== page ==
Surprisingly, a Correlating Career will actually increase your chances of being a successful singer. You’ll have the money to travel to auditions, pay for application fees, have regular lessons and coachings, maintain a website and purchase audition and performance clothing. You’ll have added fulfillment from your secondary skill, so your vocal triumphs and failures will not define you (and failures are an inevitable part of the job). But I know what you’re thinking: how can I travel for singing when I’m tied down by another job? How can I go to an eight week Young Artist Program without losing my job? How can I find the time to practice and perfect my craft as a performer when I’m distracted by some other job? All good questions.The key is in choosing a correlating career that’s flexible and right for your needs.

Choosing Your Correlating Career

First, decide if your correlating career will be in the same general field (music/voice/arts), or in a completely different field.  There are plenty of options both inside and outside of the field of music/voice that can act as a wonderful complement to a performance career. For me this was an easy choice. I’m extremely passionate about teaching voice, so my correlating career was obvious. I began a private voice studio when I was a graduate student, and now I’m able to tailor the lesson schedule to suit my needs. Some singers are interested in vocal anatomy and science, so a career in vocal therapy and/or speech therapy would make an excellent match. A singer who struggles with reflux or vocal fatigue and prefers not to speak too much during the day may find that massage therapy or data entry is the right fit. Yoga and other fitness instruction can be a fantastic option, especially for those who struggle with body tension or weight. Real estate often provides great scheduling flexibility. Some singers strike a great balance by working in a 9-5 administration job, using nights and weekends for auditions, rehearsals and performances. Arts administration jobs are often more flexible with their artist employees and non-arts administration jobs are usually less flexible, so where possible, singers should be up-front in their interviews about the possibility of travel and necessary leave time. Another thing to keep in mind is that while some people have “throats of steel”, it’s generally advisable that singers avoid work that’s hard on the voice, such as answering phones all day, waiting tables in a loud restaurant, bartending, or coaching sports.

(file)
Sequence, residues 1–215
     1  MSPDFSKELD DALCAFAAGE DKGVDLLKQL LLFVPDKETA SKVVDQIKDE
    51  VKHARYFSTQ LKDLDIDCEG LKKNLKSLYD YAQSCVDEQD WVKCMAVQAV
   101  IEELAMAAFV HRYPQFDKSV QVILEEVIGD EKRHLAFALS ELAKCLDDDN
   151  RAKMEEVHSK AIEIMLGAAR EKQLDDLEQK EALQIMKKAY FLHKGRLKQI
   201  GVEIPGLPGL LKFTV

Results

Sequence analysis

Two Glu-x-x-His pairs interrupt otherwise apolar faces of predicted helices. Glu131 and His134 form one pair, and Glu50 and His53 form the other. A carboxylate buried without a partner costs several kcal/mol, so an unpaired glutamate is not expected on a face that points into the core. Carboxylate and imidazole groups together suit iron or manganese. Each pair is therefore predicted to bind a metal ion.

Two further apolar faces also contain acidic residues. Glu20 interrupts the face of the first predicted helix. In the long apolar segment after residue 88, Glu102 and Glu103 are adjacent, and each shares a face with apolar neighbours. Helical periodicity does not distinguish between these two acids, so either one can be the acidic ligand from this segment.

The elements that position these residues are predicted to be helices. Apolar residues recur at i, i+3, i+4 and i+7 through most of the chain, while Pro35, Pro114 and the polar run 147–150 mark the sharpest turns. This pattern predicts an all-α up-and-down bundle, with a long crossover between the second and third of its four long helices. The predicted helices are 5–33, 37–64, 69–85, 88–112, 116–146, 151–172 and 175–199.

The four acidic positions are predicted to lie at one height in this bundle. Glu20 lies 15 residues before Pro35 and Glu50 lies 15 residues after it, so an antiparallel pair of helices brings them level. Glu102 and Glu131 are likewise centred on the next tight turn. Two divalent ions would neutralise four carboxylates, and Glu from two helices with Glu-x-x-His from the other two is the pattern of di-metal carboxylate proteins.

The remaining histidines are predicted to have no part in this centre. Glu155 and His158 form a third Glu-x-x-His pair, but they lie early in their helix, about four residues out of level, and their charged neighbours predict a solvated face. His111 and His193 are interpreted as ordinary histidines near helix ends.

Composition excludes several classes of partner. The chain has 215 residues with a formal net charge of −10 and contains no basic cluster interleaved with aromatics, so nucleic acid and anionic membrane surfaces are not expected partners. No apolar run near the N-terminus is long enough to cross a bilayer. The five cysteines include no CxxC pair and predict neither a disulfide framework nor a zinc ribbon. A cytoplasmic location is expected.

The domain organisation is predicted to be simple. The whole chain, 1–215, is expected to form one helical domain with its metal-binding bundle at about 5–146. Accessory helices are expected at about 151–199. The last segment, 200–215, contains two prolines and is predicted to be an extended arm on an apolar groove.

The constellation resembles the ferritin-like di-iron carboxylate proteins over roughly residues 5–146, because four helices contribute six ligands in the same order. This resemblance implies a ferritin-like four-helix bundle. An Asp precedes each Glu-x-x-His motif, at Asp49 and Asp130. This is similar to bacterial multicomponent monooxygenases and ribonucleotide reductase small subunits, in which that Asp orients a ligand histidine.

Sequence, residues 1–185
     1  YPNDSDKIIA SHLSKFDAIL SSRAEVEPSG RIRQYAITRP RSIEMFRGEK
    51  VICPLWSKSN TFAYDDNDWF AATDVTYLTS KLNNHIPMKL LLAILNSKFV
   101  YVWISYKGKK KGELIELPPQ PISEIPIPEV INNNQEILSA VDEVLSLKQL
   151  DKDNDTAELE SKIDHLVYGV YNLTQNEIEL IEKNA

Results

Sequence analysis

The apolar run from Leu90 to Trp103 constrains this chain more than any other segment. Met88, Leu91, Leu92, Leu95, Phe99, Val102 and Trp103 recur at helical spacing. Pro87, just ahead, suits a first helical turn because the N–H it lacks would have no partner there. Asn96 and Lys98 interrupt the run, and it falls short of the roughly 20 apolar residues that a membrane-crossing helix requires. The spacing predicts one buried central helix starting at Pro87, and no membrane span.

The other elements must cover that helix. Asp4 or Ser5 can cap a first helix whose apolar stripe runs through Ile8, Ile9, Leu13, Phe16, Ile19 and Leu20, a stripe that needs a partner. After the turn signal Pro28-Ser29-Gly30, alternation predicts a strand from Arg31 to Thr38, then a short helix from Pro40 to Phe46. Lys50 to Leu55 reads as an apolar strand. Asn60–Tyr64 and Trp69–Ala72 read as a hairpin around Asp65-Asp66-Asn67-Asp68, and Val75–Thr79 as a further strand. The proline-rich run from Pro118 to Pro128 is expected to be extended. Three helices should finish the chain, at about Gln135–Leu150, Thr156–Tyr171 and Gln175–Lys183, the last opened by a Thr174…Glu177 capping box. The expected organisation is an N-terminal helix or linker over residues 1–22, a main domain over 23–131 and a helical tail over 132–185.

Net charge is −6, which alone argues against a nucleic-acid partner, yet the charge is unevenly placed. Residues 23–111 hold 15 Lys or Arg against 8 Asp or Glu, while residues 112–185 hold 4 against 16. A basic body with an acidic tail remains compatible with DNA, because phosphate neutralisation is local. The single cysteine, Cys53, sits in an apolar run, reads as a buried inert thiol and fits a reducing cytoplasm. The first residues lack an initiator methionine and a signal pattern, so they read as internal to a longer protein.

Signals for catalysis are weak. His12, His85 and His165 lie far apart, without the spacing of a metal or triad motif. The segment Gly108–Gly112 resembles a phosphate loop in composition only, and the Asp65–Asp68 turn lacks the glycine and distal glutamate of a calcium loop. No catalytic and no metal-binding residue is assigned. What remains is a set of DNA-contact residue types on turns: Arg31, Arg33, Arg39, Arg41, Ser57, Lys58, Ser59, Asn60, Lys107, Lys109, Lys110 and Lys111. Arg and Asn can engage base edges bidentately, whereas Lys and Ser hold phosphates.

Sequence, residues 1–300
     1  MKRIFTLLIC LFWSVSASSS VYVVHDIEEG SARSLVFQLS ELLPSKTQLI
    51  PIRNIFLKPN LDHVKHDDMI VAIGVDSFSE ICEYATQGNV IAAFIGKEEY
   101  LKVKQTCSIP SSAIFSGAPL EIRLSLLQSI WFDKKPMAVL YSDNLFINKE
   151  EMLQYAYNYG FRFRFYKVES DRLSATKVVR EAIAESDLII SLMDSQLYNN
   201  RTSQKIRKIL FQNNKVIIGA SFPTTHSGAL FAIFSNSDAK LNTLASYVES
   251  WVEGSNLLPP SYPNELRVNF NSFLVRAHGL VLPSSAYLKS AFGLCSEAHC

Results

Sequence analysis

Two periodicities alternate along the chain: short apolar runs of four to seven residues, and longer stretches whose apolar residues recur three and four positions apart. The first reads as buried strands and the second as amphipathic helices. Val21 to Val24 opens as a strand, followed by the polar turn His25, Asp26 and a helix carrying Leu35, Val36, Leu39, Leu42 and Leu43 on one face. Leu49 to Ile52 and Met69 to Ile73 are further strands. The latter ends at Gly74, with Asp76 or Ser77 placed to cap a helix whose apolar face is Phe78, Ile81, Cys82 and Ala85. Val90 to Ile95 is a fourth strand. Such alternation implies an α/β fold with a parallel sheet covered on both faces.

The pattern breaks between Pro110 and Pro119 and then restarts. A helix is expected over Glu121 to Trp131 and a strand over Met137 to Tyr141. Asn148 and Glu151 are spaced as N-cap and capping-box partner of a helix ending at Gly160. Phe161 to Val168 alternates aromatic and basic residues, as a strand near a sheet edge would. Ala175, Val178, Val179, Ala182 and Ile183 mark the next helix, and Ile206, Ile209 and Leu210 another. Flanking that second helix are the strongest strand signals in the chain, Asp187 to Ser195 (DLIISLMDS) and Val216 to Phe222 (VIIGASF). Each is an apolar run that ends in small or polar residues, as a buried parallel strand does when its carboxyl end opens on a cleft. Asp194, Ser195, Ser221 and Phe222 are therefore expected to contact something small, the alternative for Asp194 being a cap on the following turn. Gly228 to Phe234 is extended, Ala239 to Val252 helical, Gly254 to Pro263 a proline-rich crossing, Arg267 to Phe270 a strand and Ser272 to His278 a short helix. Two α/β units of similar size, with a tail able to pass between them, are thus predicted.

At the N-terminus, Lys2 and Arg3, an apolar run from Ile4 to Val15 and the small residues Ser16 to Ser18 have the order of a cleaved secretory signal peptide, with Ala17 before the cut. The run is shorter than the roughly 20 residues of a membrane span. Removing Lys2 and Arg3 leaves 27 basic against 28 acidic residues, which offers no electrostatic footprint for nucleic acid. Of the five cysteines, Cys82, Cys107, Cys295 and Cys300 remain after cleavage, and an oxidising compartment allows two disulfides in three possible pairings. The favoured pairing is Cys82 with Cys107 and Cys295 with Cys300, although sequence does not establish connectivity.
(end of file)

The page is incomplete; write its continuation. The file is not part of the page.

Second, get training. Choosing your Correlating Career early is best, because you can get a second degree or develop an additional skill set while in college. If you’re interested in teaching voice, be sure to take all available vocal pedagogy courses in undergraduate school, and consider a double major in pedagogy/performance for graduate school (if offered).  Double majoring is always an important option to consider, because even if school takes an extra year, it’s certainly worth it to come out with a solid secondary skill. Another option is to major in voice and minor in a Correlating Career field, or choose a primary degree that focuses on the Correlating Career while studying voice and performance as an elective. For instance, a degree in business or arts administration makes it possible to get a lucrative, stable job with a performance organization (like Head of Marketing for XYZ Orchestra). Singers interested in becoming K-12 music educators may find that a music education major makes more sense than a performance major, because they’ll still enjoy most of the perks of a performance major track but will graduate with an extremely marketable degree. If you see yourself teaching in academia, you’ll likely need a terminal degree, so be aware of meeting those degree program requirements along the way. If you’re coming to a Correlating Career after completing school, then many fields simply require a certification process (i.e., yoga instructor, massage therapist, real estate agent, beautician) which can be completed at any time. It’s never too late to start.

Some Final Thoughts on the Correlating Career